Another example is the dispute involving Beijing Jinrongcheng Network (the plaintiff) v Chengdu Moneywise Software (the defendant) heard by the Beijing Second Intermediate People’s Court in 2000.

A chart tracking the movement of foreign exchange produced by the plaintiff was framed and linked to the defendant’s website. According to the then prevailing PRC Copyright Law, the chart could not be recognized as a protected compilation of works. Accordingly, pursuant to the first paragraph of Article 2 of the Anti-unfair Competition Law, the Beijing Second Intermediate People’s Court ruled that the actions of the defendant constituted unfair competition on the grounds of the defendant’s breach of the legal principles of good faith and fair competition.

For this reason, the PRC Copyright Law, since its amendment in 2001, has contained express stipulations on the compilation of works and the copyright thereto, laying a legal basis for resolving future disputes in this area.

A useful supplement to intellectual property laws

The above discussions suggest that the application of the first paragraph of Article 2 of the Anti-unfair Competition Law has played a positive role in the development of both the judicial and legislative aspects of intellectual property rights. As the intellectual property sector is closely linked to the development of science and technology, it has become an area where new disputes and new issues often emerge. As intellectual property laws can clearly lag behind fast-changing technology, the Anti-unfair Competition Law offers a useful extra weapon in the legislative armoury.. The judiciary’s direct application of Article 2 has made the law more flexible in coping with new issues.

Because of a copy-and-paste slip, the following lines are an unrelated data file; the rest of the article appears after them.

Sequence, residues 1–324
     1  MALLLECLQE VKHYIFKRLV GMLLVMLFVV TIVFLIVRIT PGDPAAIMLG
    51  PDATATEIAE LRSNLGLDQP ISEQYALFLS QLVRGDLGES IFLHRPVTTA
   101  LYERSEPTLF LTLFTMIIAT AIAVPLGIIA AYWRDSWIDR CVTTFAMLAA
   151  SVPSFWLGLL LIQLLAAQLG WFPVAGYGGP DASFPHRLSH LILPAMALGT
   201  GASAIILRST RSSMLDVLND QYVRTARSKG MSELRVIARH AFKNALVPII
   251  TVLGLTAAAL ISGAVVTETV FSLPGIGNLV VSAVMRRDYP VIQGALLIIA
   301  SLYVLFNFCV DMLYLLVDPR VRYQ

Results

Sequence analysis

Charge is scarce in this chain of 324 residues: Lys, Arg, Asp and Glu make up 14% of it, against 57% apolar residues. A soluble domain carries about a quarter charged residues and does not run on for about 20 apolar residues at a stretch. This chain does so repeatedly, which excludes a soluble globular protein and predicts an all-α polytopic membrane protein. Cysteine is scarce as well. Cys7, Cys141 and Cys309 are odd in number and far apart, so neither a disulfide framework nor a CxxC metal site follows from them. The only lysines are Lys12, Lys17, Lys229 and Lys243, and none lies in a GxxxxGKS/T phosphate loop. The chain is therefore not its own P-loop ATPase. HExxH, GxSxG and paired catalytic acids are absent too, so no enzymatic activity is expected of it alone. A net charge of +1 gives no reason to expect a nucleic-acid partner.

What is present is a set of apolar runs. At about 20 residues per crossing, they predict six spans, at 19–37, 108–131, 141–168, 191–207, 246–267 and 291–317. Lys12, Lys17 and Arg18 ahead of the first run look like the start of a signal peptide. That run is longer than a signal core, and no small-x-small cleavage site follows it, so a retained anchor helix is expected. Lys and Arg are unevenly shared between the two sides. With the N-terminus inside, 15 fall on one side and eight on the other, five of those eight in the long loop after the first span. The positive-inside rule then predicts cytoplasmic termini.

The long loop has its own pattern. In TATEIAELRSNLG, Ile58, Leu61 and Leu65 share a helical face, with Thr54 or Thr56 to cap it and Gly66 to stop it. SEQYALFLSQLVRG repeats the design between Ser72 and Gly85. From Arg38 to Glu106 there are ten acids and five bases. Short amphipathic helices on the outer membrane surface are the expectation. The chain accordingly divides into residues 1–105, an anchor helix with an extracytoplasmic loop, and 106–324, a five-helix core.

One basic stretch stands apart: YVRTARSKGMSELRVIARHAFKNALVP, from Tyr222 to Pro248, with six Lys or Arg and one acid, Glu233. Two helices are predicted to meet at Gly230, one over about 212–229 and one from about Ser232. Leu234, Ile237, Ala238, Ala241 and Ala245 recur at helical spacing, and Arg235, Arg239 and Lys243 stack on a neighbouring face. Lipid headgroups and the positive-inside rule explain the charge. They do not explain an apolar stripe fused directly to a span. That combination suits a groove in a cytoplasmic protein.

In cases of infringement of intellectual property rights, plaintiffs often state alleged acts of unfair competition as a cause of action, and may increase their chances of success by doing so.

Under China’s system of statutory law, however, the courts will act with caution in applying abstract principles.

Only a small number of courts have cited Article 2 of the Anti-unfair Competition Law in their judgments. The precedents discussed above suggest that the principles set out in the Article have largely been applied to cases where the particulars in dispute are very novel, no specific laws or regulations can be referred to during the hearing, and the relevant acts are obviously contrary to the principles of fairness and good faith.

As improvement and supplements are being made to the law, there is likely to be a decline in the number of cases involving the direct application of the principles in Article 2. However, the direct application of that Article has, provided a solution to novel disputes not regulated under existing laws, and offered a new idea to lawyers and their clients in planning legal action.

Wang Yadong is executive partner of Run Ming Law Office.

Lu Lei is an associate at Run Ming Law Office.